2019 Digital AOY Bronze: Zulu Alpha Kilo goes deeper on data

Data and creativity play nice at the Toronto agency, where strategy and facts are seen as "creative jet fuel."

Zulu Alpha Kilo Group Photo
This story originally appeared in the November/December 2019 issue of
 strategy.

Since its founding eleven years ago, Zulu Alpha Kilo has operated on the belief that “the world needs more creativity,” says Zak Mroueh, the agency’s founder, CEO and CCO, from a boardroom in its labyrinthine offices in Toronto’s east end.

That founding mantra guides everything Zulu does, Mroueh contends, from deciding not to participate in spec work pitches, to remaining independent, to treating strategy and creative as one discipline. To this day, the founder believes what differentiates his agency is its “genuine passion and maniacal obsession with the end creative product.”

The world is not the place it was eleven years ago, though. Big Data has led some creative thinkers to push back against numbers superceding old-fashioned intuition. But Mroueh believes the two can happily co-exist, and he’s structuring Zulu accordingly – without, he says, losing sight of the agency’s original purpose.

“A lot of companies are changing themselves to be about data,” says Mike Sutton, president of the Bronze Digital AOY shop. “Our data practice hasn’t completely changed the purpose of who we are as a company – it’s enhancing our ability to be more creative.”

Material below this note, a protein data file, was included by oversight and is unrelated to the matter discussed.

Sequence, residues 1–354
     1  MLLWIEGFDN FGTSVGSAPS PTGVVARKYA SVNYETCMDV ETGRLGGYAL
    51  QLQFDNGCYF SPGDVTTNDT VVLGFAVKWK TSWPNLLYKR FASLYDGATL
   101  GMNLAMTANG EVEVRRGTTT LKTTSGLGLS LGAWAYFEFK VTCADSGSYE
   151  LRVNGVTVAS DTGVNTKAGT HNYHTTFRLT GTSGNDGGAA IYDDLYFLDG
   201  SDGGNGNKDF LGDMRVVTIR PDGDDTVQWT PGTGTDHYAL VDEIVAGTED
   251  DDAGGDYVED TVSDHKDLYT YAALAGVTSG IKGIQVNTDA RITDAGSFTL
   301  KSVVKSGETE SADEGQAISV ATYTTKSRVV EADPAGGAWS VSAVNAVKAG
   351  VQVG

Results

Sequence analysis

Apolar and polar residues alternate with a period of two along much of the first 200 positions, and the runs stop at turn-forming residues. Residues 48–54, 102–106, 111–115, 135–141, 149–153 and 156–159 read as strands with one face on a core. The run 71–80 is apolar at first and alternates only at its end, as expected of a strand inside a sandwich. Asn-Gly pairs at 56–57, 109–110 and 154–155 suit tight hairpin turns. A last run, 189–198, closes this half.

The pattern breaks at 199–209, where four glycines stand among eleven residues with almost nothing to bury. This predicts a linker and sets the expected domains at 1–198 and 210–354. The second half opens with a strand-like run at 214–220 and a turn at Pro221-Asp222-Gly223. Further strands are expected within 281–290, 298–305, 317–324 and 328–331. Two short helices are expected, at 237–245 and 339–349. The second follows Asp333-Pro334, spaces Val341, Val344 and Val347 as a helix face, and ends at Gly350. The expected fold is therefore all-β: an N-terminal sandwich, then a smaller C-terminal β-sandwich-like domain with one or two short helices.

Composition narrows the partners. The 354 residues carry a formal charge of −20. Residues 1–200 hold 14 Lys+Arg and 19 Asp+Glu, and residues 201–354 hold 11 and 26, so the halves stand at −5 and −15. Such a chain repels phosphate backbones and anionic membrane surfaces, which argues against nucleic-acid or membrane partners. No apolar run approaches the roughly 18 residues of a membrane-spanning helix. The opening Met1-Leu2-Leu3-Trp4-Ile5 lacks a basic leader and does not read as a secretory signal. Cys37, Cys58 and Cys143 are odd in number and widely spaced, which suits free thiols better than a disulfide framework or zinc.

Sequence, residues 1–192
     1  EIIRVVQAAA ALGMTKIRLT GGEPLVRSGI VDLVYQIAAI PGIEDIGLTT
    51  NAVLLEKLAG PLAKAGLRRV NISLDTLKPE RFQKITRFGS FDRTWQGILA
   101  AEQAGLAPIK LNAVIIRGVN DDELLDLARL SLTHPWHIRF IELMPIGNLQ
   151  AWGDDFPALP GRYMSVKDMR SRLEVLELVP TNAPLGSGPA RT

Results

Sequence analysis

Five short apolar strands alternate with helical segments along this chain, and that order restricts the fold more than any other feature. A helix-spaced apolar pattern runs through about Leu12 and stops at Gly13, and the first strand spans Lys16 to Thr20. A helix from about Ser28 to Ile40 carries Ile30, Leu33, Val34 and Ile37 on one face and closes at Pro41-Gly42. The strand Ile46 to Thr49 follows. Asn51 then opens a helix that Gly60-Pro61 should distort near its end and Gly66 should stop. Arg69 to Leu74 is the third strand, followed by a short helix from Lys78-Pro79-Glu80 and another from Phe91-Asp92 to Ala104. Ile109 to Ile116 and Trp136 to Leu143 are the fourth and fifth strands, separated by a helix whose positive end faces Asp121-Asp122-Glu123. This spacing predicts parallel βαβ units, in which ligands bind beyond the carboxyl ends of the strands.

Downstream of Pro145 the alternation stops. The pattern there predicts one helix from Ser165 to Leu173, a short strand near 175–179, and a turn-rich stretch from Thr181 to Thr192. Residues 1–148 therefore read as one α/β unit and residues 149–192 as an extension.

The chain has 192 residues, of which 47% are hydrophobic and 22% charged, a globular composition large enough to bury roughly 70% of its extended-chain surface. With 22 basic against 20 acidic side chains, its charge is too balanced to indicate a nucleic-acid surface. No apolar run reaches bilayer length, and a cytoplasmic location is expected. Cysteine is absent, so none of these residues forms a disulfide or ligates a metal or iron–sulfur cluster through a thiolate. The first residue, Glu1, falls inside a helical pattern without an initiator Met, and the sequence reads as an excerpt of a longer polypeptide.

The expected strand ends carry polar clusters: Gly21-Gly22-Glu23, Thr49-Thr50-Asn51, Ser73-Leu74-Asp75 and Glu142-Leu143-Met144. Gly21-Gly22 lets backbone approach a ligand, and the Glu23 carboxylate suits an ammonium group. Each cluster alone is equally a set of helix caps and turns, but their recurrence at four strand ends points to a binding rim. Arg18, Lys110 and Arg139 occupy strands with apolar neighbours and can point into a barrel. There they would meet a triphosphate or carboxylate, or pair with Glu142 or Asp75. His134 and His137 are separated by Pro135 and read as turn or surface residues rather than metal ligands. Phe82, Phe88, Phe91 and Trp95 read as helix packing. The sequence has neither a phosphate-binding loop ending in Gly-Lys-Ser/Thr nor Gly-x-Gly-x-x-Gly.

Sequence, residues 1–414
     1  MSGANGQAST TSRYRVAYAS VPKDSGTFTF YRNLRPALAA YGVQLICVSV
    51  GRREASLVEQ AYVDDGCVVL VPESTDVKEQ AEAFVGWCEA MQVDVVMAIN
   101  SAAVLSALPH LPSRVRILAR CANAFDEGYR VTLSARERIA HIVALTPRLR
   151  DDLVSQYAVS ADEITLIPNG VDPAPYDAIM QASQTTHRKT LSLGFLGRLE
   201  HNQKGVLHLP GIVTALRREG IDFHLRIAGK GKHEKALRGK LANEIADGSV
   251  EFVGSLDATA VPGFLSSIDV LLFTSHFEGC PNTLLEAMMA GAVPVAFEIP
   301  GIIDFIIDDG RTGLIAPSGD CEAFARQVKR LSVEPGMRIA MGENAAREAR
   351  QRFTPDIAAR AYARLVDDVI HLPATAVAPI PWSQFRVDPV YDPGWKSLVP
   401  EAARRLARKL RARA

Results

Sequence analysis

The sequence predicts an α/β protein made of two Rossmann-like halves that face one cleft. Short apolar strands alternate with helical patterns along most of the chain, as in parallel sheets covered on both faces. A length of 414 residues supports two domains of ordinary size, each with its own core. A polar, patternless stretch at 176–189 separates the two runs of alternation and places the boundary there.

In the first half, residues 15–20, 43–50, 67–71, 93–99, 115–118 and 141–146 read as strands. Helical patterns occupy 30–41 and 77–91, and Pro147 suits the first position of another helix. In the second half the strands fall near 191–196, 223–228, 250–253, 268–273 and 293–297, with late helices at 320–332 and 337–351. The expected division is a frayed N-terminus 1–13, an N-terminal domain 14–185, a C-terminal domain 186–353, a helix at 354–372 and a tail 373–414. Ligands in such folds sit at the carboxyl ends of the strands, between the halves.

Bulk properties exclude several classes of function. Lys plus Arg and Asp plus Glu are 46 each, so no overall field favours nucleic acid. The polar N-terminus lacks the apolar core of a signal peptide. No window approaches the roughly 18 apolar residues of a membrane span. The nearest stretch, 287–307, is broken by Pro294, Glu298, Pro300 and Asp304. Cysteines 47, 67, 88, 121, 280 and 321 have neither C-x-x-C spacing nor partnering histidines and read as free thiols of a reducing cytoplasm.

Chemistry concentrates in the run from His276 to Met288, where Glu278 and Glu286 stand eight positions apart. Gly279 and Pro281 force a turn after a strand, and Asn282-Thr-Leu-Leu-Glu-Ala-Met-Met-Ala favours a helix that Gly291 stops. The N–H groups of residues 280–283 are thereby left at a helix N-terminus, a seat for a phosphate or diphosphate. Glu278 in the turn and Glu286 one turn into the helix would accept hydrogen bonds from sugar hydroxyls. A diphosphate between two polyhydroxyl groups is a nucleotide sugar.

Within the last year, Zulu’s data team has been “instrumental” in helping some clients transform their social strategies, which at times has involved posting content less frequently, Sutton says. Its capabilities have helped clients revise their online strategy for the better, with “higher engagement, more positive sentiment and improved content.”

Earlier this year, Zulu promoted brand innovation director Sean Bell into the new role of group strategy director, content and innovation. Bell leads a multidisciplinary team working on strategies, digital properties, social platforms and emerging media. The group was behind “Earning Curve,” an award-winning branded podcast series for Interac that helped the brand connect with small business owners.
Often collaborating with planners and creatives on the floor, Bell says his role entails having “one foot in the present and one foot in the future” in order to identify opportunities where data can inspire or bolster an idea.

As it has outgrown its original office space, Zulu is expanding into adjacent buildings, which has led to divided departments, with the exception of the data team, which sits comfortably on the same floor as creatives (and Mroueh himself).

“We sit the creative with the data analysts and have them ideate and collaborate together to bring the best of both worlds into the conversation from the beginning,” says Bell. “For some of our clients that have rich, first-party data sets – where they have transactions rolling in literally by the second – there are opportunities for creative and data to be equal partners in the development of an idea.”